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Old 12-03-2006, 08:42 AM   #1
acker
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Registered: Apr 2004
Location: Timisoara, Romania
Distribution: Debian
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Cool fork(), different output with/without redirection. RESOLVED!


hello,

[LATER EDIT:]
Better check for a shorter and cleaner example: http://www.linuxquestions.org/questi...84#post2528684
and the answer.
[/LATER]


Code:
#include <stdio.h>
#include <stdlib.h>
#include <sys/types.h>
#include <unistd.h>


int
main(void)
{
    int i = 0;

    for (i = 0; i < 2; i++) {
        fork();
        if (i == 0)
            printf("After f %d\n", getpid());
        sleep(1);
    }

    return 0;
}
Code:
acker@dido /tmp $ ./a.out
After f 19961
After f 19960
acker@dido /tmp $ ./a.out | cat
After f 19966
After f 19966
After f 19964
After f 19964
If i redirect the output to a file I get the same output as with the pipeline. Any ideas or pointers (to a specialised list/forum) are welcomed.

Last edited by acker; 12-03-2006 at 01:39 PM. Reason: RESOLVED!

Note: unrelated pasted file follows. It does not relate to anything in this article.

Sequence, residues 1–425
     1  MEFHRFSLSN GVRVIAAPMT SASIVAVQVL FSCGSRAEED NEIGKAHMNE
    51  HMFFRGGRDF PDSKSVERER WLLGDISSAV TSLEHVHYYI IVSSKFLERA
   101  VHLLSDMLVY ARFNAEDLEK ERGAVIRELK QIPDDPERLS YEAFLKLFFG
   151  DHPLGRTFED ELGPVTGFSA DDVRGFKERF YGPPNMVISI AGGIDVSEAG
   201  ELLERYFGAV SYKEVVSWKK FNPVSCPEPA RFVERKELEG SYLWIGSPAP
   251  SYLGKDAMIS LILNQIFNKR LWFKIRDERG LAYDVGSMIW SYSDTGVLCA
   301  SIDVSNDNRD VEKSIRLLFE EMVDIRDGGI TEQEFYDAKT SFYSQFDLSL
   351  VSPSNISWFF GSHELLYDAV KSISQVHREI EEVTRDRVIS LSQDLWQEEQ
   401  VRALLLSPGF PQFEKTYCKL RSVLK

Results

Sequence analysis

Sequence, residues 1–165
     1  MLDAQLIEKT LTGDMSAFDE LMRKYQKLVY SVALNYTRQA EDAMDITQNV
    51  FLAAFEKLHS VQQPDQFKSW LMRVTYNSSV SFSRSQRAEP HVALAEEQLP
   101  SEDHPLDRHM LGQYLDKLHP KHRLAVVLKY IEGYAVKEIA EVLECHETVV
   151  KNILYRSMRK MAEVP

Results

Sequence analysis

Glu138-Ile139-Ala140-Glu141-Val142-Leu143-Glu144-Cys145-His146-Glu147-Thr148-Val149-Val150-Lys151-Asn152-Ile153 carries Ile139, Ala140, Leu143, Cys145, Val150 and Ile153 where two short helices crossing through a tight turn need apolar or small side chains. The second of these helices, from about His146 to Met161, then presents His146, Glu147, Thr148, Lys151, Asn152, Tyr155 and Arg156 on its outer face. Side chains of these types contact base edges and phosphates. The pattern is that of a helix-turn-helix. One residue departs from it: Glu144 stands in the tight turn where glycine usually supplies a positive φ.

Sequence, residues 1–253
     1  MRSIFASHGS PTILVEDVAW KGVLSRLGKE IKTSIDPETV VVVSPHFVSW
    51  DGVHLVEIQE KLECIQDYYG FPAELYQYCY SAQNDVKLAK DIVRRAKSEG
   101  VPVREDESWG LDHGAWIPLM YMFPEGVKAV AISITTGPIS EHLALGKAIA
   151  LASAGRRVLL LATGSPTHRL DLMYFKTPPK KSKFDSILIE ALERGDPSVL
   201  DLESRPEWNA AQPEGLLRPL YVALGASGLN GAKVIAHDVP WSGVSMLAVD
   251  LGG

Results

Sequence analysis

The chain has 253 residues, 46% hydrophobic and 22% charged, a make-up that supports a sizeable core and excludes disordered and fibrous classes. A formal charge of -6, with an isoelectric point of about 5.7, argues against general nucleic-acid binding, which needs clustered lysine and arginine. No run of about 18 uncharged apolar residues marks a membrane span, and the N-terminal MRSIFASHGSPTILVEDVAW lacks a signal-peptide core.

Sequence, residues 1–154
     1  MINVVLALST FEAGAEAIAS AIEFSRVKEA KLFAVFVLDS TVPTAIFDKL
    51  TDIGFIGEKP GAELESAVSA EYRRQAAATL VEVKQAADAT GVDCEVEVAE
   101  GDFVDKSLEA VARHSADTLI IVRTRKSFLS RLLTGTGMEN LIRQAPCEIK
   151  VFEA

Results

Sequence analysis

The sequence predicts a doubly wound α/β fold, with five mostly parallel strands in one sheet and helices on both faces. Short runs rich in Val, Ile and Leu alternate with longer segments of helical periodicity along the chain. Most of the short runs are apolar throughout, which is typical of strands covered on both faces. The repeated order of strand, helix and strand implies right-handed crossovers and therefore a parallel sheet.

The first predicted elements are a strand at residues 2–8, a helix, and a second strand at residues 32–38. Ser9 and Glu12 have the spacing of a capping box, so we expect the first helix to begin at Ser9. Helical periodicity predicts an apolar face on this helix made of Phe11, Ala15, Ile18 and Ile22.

Old 12-03-2006, 10:51 AM   #2
randyding
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You're doing several things completely incorrect, its hard to know where to start. May I suggest a book that I like to tell people about, it covers in great detail this subject with lots of examples.
Advanced Programming in the UNIX Environment by W. Richard Stevens.

Your main problem is you are not checking the return code of fork().
 
Old 12-03-2006, 11:19 AM   #3
acker
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Quote:
Originally Posted by randyding
You're doing several things completely incorrect, its hard to know where to start. May I suggest a book that I like to tell people about, it covers in great detail this subject with lots of examples.
Advanced Programming in the UNIX Environment by W. Richard Stevens.

Your main problem is you are not checking the return code of fork().
What things am I doing so wrong?

My example is short and I think it should do the following:
fork the main process in two (parent, and child_1) and then each process should fork in two also: parent, child_2 + child_1, child_child_1).